New study suggests more and longer atmospheric stagnation events due to global warming

Characteristic change in air stagnation components. Credit: Nature Climate Change (2014) doi:10.1038/nclimate2272

A new study conducted by researchers at Stanford University has led to findings indicating that much of the world can expect to have more atmospheric stagnation events as the future unfolds. In their paper published in Nature Climate Change, the researchers describe how they ran a variety of computer models that took into account a continued increase in greenhouse gas emissions—they report that taken together, the models predict that approximately 55 percent of the world’s population can expect to be impacted by future stagnation events.

Stagnation is an atmospheric phenomenon where an air mass remains in place over a geographic region for an extended period of time. They tend to happen due to the convergence of specific weather conditions—light wind patterns near the surface, other light wind patterns occurring higher up, and a lack of rain. During normal weather periods, wind and rain combine to clean the air around metropolitan areas—when rain fails to fall and there is little wind to push pollution away from an area, particulates and other types of pollution levels climb, putting those that live in the area at risk of health problems.

The collection of computer models run by the team at Stanford also suggest that stagnation events are likely to last longer—increasing by an average of 40 days a year. The result the team notes, is likely to be an increase in heart and lung complications in people in those areas, contributing to an associated climb in the number of premature deaths due to air pollutants—numbering perhaps in the millions. They also note that Mexico, India and parts of the western U.S. are likely to be most at risk of health impacts from an increase in stagnation events, as all three will have more and longer such events and all three are heavily populated.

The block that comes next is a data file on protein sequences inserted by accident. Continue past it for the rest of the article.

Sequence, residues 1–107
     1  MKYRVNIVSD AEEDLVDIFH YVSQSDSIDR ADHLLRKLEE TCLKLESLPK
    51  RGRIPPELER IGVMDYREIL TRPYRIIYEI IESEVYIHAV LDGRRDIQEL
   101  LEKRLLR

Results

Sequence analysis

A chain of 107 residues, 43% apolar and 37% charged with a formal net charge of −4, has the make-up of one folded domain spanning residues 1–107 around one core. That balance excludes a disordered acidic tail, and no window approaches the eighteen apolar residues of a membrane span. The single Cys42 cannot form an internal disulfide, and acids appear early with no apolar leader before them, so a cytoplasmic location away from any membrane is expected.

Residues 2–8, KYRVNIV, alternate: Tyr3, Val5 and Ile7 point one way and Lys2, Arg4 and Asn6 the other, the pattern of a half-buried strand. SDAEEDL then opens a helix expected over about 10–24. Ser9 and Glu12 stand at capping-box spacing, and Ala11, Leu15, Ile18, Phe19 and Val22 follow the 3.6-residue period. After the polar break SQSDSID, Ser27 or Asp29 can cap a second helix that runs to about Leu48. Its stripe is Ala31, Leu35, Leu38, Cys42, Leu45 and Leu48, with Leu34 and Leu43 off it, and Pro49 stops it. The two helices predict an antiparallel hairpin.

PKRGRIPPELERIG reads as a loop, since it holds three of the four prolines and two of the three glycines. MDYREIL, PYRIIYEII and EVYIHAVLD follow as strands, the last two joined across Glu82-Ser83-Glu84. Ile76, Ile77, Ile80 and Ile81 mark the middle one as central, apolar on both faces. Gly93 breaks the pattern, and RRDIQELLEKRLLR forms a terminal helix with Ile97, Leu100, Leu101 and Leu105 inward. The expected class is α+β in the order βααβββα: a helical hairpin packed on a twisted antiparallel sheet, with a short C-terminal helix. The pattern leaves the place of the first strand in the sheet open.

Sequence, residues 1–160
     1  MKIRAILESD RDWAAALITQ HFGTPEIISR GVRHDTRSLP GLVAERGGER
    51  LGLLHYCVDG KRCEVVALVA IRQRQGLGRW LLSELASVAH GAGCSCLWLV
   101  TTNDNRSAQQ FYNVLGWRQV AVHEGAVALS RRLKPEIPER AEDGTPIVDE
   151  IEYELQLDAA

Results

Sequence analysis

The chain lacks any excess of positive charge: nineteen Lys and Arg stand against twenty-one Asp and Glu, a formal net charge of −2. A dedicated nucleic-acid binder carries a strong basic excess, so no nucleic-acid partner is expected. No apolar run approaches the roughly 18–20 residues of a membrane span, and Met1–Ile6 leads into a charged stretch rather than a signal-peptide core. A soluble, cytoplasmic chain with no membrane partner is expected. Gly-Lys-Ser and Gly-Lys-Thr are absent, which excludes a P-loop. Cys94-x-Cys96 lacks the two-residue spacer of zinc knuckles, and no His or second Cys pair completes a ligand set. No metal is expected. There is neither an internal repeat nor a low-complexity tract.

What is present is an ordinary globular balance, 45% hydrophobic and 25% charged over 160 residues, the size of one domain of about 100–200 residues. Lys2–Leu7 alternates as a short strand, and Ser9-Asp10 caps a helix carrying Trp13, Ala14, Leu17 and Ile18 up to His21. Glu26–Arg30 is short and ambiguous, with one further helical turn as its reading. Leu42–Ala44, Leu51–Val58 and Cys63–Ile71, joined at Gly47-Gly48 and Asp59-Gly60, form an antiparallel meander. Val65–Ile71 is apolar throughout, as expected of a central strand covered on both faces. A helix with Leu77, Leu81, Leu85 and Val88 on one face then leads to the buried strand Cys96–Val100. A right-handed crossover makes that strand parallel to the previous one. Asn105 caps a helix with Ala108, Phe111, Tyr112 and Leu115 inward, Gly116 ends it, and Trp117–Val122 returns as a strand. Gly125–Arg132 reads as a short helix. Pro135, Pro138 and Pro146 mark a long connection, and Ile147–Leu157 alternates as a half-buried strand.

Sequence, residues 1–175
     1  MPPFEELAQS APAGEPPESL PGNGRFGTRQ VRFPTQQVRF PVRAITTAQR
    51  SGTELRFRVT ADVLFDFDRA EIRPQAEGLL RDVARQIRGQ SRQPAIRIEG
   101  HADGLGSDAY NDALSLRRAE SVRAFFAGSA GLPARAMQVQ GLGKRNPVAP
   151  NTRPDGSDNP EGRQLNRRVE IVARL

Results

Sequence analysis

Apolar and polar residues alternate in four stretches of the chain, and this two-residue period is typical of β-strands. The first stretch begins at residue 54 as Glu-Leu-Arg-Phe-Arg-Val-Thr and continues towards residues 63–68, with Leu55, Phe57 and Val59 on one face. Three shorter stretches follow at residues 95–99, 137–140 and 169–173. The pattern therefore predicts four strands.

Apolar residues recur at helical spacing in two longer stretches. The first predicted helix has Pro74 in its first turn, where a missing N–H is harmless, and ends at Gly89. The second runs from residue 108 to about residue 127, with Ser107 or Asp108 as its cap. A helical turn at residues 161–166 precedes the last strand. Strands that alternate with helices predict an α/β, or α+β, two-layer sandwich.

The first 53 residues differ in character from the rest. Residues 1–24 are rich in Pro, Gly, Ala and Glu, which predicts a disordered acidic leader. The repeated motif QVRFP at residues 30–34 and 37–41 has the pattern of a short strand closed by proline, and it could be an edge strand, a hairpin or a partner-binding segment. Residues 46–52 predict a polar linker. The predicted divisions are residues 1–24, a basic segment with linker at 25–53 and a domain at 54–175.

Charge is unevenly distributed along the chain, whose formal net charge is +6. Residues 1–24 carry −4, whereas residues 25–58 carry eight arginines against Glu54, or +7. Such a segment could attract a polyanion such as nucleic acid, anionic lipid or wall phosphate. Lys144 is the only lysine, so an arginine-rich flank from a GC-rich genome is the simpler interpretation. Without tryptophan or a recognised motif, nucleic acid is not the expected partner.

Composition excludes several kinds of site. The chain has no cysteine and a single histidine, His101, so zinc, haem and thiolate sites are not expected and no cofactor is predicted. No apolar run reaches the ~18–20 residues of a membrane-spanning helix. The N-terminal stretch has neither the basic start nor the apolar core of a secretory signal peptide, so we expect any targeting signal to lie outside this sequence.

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The researchers suggest that at some point, the entire planet will be impacted by stagnation events. That means governments and health workers will need to make plans on how to handle the problems as they begin to occur. They add that the only real solution to the problem is to begin curbing greenhouse gas emissions now, preventing the events from occurring in the first place.

More information: Occurrence and persistence of future atmospheric stagnation events, Nature Climate Change (2014) DOI: 10.1038/nclimate2272

Poor air quality causes an estimated 2.6–4.4 million premature deaths per year. Hazardous conditions form when meteorological components allow the accumulation of pollutants in the near-surface atmosphere. Global-warming-driven changes to atmospheric circulation and the hydrological cycle are expected to alter the meteorological components that control pollutant build-up and dispersal, but the magnitude, direction, geographic footprint and public health impact of this alteration remain unclear. We used an air stagnation index and an ensemble of bias-corrected climate model simulations to quantify the response of stagnation occurrence and persistence to global warming. Our analysis projects increases in stagnation occurrence that cover 55% of the current global population, with areas of increase affecting ten times more people than areas of decrease. By the late twenty-first century, robust increases of up to 40 days per year are projected throughout the majority of the tropics and subtropics, as well as within isolated mid-latitude regions. Potential impacts over India, Mexico and the western US are particularly acute owing to the intersection of large populations and increases in the persistence of stagnation events, including those of extreme duration. These results indicate that anthropogenic climate change is likely to alter the level of pollutant management required to meet future air quality targets.

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